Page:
The series (Sundays, 9pm), adapted from Len Deighton’s novel, is set in 1941 in a Britain under Nazi occupation; Winston Churchill has been executed and the resistance is struggling to hold on to its last strongholds in the countryside. Sam Riley plays Douglas Archer, a detective at Scotland Yard, now under the control of the SS, and a character who appears in almost every scene. Riley has, for an actor, a somewhat unexpressive face, beautiful but unreadable. Here, however, his downturned mouth and impassive cheekbones are perfect: Archer, after all, operates (by which I mean, barely operates) in a world in which no one wants to give their true feelings away, whether to their landlady, their lover, or their boss, newly arrived from Himmler’s office and as Protestant as all hell (he hasn’t used the word “degenerate” yet, but he will, he will).

Archer is, of course, an ambiguous figure, neither (at present) a member of the resistance nor (we gather) a fully committed collaborator. He is – or so he tells himself – merely doing his job, biding his time until those braver or more foolhardy do something to restore the old order. Widowed, he has a small boy to bring up. Yet how long he can inhabit this dubious middle ground remains to be seen. Oskar Huth (Lars Eidinger), the new boss, is keen to finish off the resistance; the resistance, in turn, is determined to persuade Archer to join its cause.

It’s hard to find fault with the series; for the next month, I am going to look forward to Sunday nights mightily. I would, I suppose, have hoped for a slightly more charismatic actress than Kate Bosworth to play Barbara Barga, the American journalist who may or may not be involved with the British resistance. But everything else seems pretty perfect to me. London looks suitably dirty and its inhabitants’ meals suitably exiguous. Happiness is an extra egg for tea, smoking is practically a profession, and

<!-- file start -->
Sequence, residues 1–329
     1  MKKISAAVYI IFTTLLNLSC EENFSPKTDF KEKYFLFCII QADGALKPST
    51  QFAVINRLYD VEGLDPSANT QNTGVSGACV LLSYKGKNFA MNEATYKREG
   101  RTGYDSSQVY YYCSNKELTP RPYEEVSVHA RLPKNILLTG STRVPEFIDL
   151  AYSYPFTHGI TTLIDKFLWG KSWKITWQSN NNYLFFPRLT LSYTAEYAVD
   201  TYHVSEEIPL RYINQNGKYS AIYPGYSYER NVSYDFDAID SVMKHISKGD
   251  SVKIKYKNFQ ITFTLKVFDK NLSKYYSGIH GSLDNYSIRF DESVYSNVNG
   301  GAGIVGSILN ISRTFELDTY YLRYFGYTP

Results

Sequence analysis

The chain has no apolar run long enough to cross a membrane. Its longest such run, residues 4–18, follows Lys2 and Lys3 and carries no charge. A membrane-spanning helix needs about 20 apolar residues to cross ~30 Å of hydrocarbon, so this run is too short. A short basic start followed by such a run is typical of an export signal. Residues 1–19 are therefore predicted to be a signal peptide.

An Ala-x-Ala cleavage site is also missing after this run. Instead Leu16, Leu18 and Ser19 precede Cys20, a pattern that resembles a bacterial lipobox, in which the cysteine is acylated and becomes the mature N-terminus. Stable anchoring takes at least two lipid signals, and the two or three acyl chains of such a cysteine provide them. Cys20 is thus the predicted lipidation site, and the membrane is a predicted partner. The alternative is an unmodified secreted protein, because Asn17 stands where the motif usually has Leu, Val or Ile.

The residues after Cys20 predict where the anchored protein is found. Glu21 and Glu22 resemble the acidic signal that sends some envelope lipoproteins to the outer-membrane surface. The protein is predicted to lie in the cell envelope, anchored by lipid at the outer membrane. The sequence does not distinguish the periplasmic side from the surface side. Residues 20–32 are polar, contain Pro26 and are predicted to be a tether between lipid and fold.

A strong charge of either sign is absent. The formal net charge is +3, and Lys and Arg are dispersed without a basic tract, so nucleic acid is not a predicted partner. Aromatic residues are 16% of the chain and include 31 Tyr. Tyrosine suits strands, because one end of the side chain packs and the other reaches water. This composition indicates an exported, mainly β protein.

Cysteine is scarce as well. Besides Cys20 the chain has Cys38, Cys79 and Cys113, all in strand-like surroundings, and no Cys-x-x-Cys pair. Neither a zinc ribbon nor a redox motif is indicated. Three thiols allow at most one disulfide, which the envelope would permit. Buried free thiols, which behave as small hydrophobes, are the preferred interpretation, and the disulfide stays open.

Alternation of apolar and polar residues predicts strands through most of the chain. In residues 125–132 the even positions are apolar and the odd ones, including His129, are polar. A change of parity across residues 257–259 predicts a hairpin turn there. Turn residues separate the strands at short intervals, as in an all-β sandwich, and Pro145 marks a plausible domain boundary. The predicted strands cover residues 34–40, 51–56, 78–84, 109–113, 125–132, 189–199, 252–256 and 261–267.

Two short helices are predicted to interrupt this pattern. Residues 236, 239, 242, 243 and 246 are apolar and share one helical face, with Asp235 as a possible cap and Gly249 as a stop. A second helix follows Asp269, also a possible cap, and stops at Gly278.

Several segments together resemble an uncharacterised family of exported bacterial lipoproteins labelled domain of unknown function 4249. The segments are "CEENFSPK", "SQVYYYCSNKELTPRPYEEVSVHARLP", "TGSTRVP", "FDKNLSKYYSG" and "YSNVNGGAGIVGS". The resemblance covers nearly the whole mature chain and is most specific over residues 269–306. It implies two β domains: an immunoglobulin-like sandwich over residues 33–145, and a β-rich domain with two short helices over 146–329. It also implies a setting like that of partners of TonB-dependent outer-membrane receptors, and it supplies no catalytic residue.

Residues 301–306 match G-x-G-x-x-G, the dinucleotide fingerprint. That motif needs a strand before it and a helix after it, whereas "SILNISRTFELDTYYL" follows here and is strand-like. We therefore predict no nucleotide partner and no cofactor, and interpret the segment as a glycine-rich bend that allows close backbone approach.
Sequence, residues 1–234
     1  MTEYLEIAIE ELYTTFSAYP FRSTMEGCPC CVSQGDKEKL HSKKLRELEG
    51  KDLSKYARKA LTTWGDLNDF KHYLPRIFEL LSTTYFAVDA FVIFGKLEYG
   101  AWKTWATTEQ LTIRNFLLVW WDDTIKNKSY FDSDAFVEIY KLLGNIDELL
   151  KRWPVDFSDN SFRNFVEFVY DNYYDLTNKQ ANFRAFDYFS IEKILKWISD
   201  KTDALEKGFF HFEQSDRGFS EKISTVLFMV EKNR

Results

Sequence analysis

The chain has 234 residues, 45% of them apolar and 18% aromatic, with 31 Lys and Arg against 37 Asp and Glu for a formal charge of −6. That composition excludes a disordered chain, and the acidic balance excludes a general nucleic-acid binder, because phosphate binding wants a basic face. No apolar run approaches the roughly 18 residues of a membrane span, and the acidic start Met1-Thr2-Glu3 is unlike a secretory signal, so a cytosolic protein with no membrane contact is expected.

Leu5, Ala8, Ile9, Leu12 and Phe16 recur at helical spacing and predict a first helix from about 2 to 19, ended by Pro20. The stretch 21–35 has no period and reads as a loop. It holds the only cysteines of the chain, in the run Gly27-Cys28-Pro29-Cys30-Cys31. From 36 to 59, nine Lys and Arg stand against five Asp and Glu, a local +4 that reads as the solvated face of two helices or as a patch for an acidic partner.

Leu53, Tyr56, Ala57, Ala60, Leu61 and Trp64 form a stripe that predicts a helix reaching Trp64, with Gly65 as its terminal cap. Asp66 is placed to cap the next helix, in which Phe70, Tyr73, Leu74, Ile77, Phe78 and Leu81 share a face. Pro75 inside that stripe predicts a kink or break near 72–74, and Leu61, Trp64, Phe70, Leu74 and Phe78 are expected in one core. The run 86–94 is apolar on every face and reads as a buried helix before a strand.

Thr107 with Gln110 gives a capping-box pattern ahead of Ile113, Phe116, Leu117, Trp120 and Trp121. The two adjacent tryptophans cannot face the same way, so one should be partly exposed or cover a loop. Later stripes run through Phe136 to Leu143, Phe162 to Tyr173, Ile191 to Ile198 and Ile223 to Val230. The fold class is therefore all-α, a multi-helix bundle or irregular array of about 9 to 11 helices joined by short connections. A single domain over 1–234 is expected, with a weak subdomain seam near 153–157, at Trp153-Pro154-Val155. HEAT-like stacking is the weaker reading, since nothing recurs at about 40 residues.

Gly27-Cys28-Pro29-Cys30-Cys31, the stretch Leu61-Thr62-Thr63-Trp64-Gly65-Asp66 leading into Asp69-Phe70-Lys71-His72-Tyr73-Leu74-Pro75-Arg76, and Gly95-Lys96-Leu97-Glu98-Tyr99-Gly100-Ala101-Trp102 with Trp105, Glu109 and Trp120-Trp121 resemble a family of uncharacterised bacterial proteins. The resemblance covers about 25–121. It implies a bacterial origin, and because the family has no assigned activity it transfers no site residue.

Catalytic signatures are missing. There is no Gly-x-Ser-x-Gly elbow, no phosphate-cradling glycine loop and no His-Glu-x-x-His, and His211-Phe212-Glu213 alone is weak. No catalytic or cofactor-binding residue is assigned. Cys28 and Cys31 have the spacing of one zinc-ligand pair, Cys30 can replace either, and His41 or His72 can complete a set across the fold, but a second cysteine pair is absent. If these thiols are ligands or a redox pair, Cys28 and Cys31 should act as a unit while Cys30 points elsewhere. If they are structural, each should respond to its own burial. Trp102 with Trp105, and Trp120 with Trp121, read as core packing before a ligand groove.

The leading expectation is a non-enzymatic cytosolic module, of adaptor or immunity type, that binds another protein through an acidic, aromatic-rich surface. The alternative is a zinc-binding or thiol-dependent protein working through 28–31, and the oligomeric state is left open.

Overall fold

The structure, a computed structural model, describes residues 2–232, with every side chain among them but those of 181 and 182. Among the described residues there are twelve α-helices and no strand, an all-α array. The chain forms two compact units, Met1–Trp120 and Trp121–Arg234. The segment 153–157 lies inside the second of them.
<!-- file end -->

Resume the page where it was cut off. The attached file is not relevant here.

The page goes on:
the likes of Archer wear thick, white vests.

Swastikas adorn everything from the Palace of Westminster to Trafalgar Square, Buckingham Palace is half ruined, a memorial to what the Germans regard as Churchill’s folly, and the CGI is good enough for the sight of all these things to induce your heart to ache briefly. Nazi brutality is depicted here as almost quotidian – and doubtless it once was to some. Huth’s determination to have four new telephone lines installed in his office within the hour is at one end of this horrible ordinariness. At the other is the box in which Archer’s mutinous secretary Sylvia (Maeve Dermody) furiously stubs out her fag, full to the brim with yellow stars.

When I first heard about The Kettering Incident (Tuesdays, 12.20am; repeated Wednesdays, 10pm) I thought someone must have found out about that thing that happened one time I was driving north on the M1 with a more-than-usually terrible hangover. Turns out it’s a new Australian drama, which comes to us on Sky Atlantic. Anna (Elizabeth Debicki), a doctor working in London, pitches up back in Tasmania many years after her teenage friend Gillian disappeared into its Kettering forest, having seen a load of mysterious bright lights. Was Gillian abducted by aliens or was she, as some local people believe, murdered by Anna? To be honest, she could be working as a roadie for Kylie, for all I care. This ponderous, derivative show is what happens when a writer sacrifices character on the altar of plot. The more the plot thickens, the more jaw-achingly tedious it becomes.

Rachel Cooke trained as a reporter on The Sunday Times. She is now a writer at The Observer. In the 2006 British Press Awards, she was named Interviewer of the Year.

This article first appeared in the 24 February 2017 issue of the New Statesman, The world after Brexit